Chase H. Livingston
Born and raised in Honolulu, Hawai‘i, Chase received his B.S. in Conservation Resource Studies from the University of California at Berkeley in 2012, after spending his Junior year at the University of Ghana, Legon. Following his graduation from college, Chase spent several years in the Bay Area working in the field of energy and water conservation, before returning to Hawai‘i to pursue a law degree at the William S. Richardson School of Law at the University of Hawai‘i.
In 2019, he graduated magna cum laude from the Richardson School of Law, where he received certificates in Environmental Law and Native Hawaiian Rights. While in law school, Chase was the Student Bar Association Senate President, a board member for the American Constitution Society, a founding member of the National Lawyers Guild student chapter of Hawai‘i, and an active participant in the Environmental Law Program’s Energy Justice Initiative.
Chase served as a judicial extern for the Honorable Judge Todd W. Eddins in the First Circuit Court of the State of Hawai‘i (now Associate Justice Eddins), and as a legal and policy extern for the City and County of Honolulu Office of Climate Change, Sustainability, and Resilience (CCSR), and the Blue Planet Foundation. Following his graduation from the Richardson School of law, Chase served as law clerk for the Honorable Associate Justice Michael D. Wilson at the Hawai‘i Supreme Court. Chase is a musician, mountaineer, and waterman who is passionate about social and environmental justice and is dedicated to helping his local and global community mitigate and adapt to the ongoing climate crisis. In pursuit of this mission, Chase has filed numerous amicus briefs on behalf of legal scholars in support of various climate change tort cases against multinational oil companies.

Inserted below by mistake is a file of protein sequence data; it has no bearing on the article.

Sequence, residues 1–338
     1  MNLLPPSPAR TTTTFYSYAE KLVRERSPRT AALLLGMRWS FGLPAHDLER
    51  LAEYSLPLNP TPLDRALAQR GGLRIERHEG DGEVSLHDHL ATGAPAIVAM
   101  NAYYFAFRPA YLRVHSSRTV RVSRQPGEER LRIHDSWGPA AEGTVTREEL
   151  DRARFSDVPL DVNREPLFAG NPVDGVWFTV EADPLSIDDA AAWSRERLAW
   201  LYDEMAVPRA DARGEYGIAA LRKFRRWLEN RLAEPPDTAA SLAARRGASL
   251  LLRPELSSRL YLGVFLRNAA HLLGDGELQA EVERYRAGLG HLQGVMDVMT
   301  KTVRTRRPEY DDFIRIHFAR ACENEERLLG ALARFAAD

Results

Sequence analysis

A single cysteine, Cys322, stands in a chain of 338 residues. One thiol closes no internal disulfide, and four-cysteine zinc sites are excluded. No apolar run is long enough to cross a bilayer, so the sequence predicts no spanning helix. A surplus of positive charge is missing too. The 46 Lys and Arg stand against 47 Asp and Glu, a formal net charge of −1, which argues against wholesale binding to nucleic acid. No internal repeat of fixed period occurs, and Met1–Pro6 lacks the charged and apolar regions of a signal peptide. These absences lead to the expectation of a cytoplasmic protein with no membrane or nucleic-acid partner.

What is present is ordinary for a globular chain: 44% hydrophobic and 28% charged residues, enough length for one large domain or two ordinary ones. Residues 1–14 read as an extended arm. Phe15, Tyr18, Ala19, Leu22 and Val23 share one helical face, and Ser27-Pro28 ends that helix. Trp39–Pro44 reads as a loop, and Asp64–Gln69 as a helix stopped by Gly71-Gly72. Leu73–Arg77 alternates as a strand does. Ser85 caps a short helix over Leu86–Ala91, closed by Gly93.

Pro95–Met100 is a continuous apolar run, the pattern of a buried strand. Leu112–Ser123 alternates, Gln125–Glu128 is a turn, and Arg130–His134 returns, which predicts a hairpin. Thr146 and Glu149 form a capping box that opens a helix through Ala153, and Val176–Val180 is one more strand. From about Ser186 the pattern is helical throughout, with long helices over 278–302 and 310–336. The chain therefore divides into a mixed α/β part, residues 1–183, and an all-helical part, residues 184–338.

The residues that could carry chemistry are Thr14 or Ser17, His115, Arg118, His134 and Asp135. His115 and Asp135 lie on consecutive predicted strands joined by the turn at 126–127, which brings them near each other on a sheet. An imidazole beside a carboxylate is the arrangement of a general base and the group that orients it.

Chase is committed to utilizing his experience and skills to help the firm’s clients seek justice and compensation for harms they have suffered as a result of corporate negligence, medical malpractice, sexual abuse, or civil rights violations. Chase also represented the non-profit Life of the Land in a Hawai‘i Supreme Court appeal related to the Hu Honua Bio Energy Facility on the Big Island, successfully arguing before the Supreme Court that the climate impacts and high cost of the facility made approval of its contract with Hawaiian Electric Company contrary to the public interest.